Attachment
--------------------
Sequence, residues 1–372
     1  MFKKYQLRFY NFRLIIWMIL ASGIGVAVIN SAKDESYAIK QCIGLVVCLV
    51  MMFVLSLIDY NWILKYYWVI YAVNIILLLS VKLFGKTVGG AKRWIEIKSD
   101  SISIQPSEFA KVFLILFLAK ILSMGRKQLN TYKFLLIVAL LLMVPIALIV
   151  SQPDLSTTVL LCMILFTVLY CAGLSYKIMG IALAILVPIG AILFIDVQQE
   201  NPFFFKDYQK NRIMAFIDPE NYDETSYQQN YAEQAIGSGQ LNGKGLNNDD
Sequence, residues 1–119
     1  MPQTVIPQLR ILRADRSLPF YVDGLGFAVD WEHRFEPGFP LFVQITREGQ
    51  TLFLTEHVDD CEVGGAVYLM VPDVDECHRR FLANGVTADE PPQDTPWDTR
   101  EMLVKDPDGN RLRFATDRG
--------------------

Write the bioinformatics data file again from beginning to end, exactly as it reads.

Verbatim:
Sequence, residues 1–372
     1  MFKKYQLRFY NFRLIIWMIL ASGIGVAVIN SAKDESYAIK QCIGLVVCLV
    51  MMFVLSLIDY NWILKYYWVI YAVNIILLLS VKLFGKTVGG AKRWIEIKSD
   101  SISIQPSEFA KVFLILFLAK ILSMGRKQLN TYKFLLIVAL LLMVPIALIV
   151  SQPDLSTTVL LCMILFTVLY CAGLSYKIMG IALAILVPIG AILFIDVQQE
   201  NPFFFKDYQK NRIMAFIDPE NYDETSYQQN YAEQAIGSGQ LNGKGLNNDD
Sequence, residues 1–119
     1  MPQTVIPQLR ILRADRSLPF YVDGLGFAVD WEHRFEPGFP LFVQITREGQ
    51  TLFLTEHVDD CEVGGAVYLM VPDVDECHRR FLANGVTADE PPQDTPWDTR
   101  EMLVKDPDGN RLRFATDRG